Įdainavo Karalienes Aniolu Parapijos Choras – Loja Šunes Ant Kiemo

I think unaccompanied choirs are often ignored in non-classical 78rpm record collecting – they lack solo instrumental virtuosity, they tend not to be “raw,” and instead appear to be, at least on the surface, overly influenced by religion and/or western harmonic concepts. Even the choir records I have from Africa are probably less desirable, simply because they display the formality of a choir. Perhaps they are avoided for the same reason one might avoid records of British folk songs sung by a Folk Song Society.

While all these reasons are valid and make me ruminate far more intensely than I should, I actually enjoy a lot of choir music. It’s still folk music, and I just can’t seem to get rid of it, as I find unaccompanied folk singing to be sort of a wonderful act. Recently, a friend graciously gave me a stack of early Lithuanian records. I ended up discarding nearly all of the 30 or so records – except for the folk song choirs! Which were all recorded poorly on Columbia Records in the 19-teens. Totally unsaleable records! He must have pegged me as an easy mark.

I think of Ian Nagoski’s choice of including a recording of a Handel piece on piano smashed between 78s from Vietnam and Greece on his Black Mirror CD. Such seemingly radical sequencing suits me just fine – I believe there should be more of it, but maybe that’s the academic anti-academic taking hold. However, interconnectivity exists wherever you seek to find it. And maybe you’ll find something, as I did, in this Lithuanian Folk Song, recorded acoustically (and distantly) by Columbia in New York City ca. 1917, and performed by Brooklyn’s own Įdainavo Karalienes Aniolu Parapijos Choras. I had some difficulty translating the title, but I believe it’s something to the effect of “Dogs Barking on the Farm.”

Įdainavo Karalienes Aniolu Parapijos Choras – Loja Šunes Ant Kiemo

And if you enjoyed my December post on son huasteco music, Chimatli has a wonderful, media-filled post on the music. Check it out here!

Technical Notes
Label: Columbia
Issue Number: E3290
Matrix Number: 44619

12 thoughts on “Įdainavo Karalienes Aniolu Parapijos Choras – Loja Šunes Ant Kiemo

  1. what’s not to like!!!! this is beautiful. a room full of simplicity and human awkwardness. i’d rather hear regular folks in a room than bravado or affectation any day. down with collectors who go by the book of cool… long live the democracy of ears and hearts, and all the records we love that are worthless on the collector market! 🙂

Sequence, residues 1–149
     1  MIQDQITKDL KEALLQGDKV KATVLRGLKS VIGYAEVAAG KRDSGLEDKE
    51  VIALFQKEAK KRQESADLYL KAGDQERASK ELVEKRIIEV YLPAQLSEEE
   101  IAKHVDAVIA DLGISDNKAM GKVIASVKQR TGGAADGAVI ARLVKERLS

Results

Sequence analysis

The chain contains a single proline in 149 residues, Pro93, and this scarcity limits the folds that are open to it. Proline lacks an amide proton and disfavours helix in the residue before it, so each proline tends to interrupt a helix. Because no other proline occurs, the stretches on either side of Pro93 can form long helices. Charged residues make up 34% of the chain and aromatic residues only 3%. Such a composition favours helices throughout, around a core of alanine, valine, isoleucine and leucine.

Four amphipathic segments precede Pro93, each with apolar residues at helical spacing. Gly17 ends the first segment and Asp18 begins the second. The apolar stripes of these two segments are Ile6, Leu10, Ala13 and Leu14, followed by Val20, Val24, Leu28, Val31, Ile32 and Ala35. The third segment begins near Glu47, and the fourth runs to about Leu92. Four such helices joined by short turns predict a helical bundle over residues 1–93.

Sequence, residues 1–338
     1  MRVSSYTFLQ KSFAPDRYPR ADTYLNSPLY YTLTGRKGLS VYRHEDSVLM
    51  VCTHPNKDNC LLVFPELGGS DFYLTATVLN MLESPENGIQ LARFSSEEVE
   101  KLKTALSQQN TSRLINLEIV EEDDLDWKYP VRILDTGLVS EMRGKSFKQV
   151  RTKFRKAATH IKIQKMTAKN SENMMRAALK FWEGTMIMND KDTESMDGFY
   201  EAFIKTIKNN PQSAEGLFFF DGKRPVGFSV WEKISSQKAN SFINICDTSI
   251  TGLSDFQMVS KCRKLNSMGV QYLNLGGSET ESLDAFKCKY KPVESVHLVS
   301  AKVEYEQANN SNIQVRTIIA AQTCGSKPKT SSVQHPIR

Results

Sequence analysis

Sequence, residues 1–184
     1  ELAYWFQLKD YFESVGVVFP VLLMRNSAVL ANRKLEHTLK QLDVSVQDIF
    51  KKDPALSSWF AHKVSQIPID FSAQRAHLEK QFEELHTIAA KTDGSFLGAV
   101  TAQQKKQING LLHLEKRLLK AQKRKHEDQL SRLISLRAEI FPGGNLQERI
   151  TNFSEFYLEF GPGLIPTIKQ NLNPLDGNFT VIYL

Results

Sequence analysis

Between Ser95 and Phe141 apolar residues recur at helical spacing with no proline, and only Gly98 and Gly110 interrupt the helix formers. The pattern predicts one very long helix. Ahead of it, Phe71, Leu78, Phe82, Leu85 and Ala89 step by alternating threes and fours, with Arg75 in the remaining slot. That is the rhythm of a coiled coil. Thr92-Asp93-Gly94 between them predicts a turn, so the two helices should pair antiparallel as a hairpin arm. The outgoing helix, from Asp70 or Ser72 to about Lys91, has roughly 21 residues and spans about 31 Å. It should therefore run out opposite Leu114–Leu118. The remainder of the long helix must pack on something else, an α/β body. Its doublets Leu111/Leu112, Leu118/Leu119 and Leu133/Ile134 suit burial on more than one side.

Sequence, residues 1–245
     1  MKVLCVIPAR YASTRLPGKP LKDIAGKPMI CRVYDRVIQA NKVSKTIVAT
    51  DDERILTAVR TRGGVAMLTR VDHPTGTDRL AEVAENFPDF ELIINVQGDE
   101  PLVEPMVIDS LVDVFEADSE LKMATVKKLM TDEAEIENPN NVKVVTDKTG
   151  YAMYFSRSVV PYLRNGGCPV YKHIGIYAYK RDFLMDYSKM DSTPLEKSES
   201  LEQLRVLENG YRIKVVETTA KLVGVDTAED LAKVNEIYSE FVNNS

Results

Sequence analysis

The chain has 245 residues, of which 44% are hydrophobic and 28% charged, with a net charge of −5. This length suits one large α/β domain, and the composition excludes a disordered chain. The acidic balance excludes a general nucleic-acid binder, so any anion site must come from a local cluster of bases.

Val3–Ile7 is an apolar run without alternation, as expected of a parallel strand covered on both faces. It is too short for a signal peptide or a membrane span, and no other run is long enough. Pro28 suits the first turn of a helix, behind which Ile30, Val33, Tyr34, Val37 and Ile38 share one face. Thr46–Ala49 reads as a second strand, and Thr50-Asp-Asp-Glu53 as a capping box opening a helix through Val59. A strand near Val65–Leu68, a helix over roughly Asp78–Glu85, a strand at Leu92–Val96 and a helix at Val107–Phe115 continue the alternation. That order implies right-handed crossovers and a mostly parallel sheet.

2. Other choral recordings that are worthless on the collector market (to the best of my knowledge):
    -the Maori choir stuff, all of it missionary-taught material on Columbia and plenty sweet.
    -some Swiss yodeling records. I have one on Columbia in beat shape but a killer, performance-wise.
    -a 1934 recording of the Miss pro Defunctis (Mass for the Dead) performed over 10 12″ sides for Victor in upper Manhattan by prepubescant boys. (Incluedes the Dies Irea – “Wrath of God” – which was dopped by the Catholic church from the mass in ’67! practically whispered by boys to you on the recording… wikipedia has a traslation of the medeival poem. ouch!)

    I agree, there’s plenty of good meat outside of the received aesthetic bounds…

  3. I totally agree with you. I have a bunch of the Rotorua Maori Choir recorded ca. 1930 on NZ Columbia, and yes, I will admit in public: they are fine records, I don’t care who ends up shivering with dismay. As long as they are performing their own compositions, which they are, it’s a-ok by me. The choir is still active, I believe.

  4. About translation: “įdainavo” means “sung by”, “Karalienės Aniolu Parapijos Choras” translates as “Queen’s Parish Of Angels Choir”, “Loja Šunes Ant Kiemo” – “The Dogs Are Barking In The Yard”. It would be hard to translate this using dictionary because some of the words used are archaic – partly lithuanian, partly samogitian – foreigners might not know it – but lithuanian language evolved very fast in past – while it’s hard for lithuanian person to understand a book printed in 1900 – a book printed in 1840 is virtually unreadable – most of the words have changed since then – and google translator won’t help you with old lithuanian texts 🙂
    And, by the way, never discard lithuanian records – they are highly valuable in lithuania – especially 78’s by D. Dolskis or A. Sabaniauskas – those records fetch high prices (locally)…

  5. Interestingly, I did end up trading those Lithuanian discs that I “discarded” (meaning – moved to my back room!) to a Lithuanian collector in Sweden – they went to a good home.

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